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The Gwendoline Steers Shipwreck  New York and New England's (Wreck Valley)
Historical and current New York and New England Shipwreck Information and images for scuba divers and fisherman.
 
GWENDOLINE STEERS

The Gwendoline Steers was a steel hulled tug boat, built in 1888. She was originally named the J. Rich Steers was re-named Melrose then Triton and Douglas H Thorne. She was 96feet long and had a 20 ft beam.

On December 30, 1962 the Gwendoline was en-route from New York to Northport, Long Island. She started to take on water and radioed the Coast Guard. The Coast Guard then got word that her pumps were handling the problem. Within a short time conditions at sea worsened. Wind increased to almost 60 miles per hour and their was a heavy sea. The Coast Guard tried to make contact with the Gwendolin but she was never heard from again. The next day one of the Gwendoline Steers lifeboats washed ashore. It contained the frozen remains of one of her crew. Two other bodies washed ashore a few days latter.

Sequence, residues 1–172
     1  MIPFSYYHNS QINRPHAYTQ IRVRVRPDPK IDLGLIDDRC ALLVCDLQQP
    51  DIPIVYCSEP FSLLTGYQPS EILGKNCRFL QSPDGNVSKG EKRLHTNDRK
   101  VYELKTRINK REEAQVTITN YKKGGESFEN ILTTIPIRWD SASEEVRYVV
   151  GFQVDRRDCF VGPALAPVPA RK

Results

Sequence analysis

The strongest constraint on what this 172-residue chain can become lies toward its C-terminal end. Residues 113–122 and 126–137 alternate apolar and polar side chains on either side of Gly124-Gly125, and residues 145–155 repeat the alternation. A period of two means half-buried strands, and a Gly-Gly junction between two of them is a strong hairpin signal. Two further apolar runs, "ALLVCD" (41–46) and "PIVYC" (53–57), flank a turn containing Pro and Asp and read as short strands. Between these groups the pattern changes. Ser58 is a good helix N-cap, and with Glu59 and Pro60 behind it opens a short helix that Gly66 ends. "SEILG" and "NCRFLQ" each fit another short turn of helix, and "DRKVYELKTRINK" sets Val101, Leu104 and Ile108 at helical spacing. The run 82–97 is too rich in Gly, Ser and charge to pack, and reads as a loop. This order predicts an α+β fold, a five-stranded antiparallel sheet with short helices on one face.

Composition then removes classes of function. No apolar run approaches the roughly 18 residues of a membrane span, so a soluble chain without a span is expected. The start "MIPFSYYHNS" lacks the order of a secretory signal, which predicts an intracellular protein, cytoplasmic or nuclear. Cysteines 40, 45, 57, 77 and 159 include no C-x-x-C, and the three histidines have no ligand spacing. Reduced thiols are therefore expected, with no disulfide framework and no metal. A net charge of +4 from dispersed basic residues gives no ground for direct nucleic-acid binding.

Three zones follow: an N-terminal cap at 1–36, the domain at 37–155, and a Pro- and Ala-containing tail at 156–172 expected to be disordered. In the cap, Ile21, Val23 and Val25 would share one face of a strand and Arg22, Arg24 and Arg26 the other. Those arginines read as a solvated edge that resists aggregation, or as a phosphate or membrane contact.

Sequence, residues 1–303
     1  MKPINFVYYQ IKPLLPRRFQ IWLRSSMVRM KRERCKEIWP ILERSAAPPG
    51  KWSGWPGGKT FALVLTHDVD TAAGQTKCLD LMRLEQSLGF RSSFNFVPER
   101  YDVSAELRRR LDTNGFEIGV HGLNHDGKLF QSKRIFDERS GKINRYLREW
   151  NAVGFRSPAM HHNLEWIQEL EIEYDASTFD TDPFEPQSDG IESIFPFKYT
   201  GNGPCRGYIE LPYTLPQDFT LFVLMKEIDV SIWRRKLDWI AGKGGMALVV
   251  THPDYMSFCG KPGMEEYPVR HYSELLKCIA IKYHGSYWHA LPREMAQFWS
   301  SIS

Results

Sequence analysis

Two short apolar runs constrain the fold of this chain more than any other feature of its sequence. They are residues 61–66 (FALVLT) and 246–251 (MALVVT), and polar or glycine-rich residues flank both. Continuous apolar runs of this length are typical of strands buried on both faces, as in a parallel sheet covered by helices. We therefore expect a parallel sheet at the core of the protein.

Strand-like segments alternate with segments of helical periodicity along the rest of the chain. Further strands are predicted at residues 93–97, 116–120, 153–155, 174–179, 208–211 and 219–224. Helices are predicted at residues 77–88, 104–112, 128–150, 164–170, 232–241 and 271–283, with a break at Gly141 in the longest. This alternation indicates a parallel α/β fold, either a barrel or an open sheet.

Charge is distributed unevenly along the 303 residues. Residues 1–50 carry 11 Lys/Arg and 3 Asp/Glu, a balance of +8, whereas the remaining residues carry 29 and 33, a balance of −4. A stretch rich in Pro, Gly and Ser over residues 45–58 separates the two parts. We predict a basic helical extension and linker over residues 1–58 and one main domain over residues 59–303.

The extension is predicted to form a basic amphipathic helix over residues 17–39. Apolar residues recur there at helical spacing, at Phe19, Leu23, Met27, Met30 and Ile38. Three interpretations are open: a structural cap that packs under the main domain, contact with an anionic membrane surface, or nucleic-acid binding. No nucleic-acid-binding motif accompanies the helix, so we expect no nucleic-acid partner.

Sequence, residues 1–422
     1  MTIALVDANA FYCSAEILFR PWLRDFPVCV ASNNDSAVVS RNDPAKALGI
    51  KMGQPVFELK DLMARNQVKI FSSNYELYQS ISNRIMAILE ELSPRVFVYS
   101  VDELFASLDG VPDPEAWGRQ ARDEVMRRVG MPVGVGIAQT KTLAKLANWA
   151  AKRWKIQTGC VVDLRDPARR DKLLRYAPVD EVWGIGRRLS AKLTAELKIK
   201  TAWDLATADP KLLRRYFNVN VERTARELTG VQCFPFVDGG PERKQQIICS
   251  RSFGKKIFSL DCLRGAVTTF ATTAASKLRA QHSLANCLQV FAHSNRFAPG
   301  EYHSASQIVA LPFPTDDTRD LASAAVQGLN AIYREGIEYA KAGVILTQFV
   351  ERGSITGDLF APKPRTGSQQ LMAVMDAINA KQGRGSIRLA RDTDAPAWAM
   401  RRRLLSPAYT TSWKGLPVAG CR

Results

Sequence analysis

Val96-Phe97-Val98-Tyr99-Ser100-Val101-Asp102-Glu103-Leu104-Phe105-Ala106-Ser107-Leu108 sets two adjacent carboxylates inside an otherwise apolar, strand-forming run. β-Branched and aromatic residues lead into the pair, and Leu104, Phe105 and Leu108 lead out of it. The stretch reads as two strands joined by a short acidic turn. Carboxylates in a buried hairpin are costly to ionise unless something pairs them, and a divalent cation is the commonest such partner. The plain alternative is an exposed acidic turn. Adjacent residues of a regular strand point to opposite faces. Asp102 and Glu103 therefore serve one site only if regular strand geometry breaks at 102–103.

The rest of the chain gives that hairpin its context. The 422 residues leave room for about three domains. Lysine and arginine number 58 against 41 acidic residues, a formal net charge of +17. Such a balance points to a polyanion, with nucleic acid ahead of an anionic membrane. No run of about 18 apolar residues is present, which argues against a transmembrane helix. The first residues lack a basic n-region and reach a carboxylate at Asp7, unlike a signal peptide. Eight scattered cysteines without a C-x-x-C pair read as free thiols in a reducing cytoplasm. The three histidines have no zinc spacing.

The wreck was located only a few miles from port at the entrance to Huntington Harbor. The Gwendoline Steers now sits upright and almost completely intact. Visibility can be poor.

Remember penetration into any shipwreck should only be done by those with proper training, experience and wreck diving equipment. Scuba equipment like powerful dive lights, navigation reels, dive knives as well as redundant air supply like a pony bottle or doubles are standard gear for wreck divers.
 

 
   

 

 

 
 

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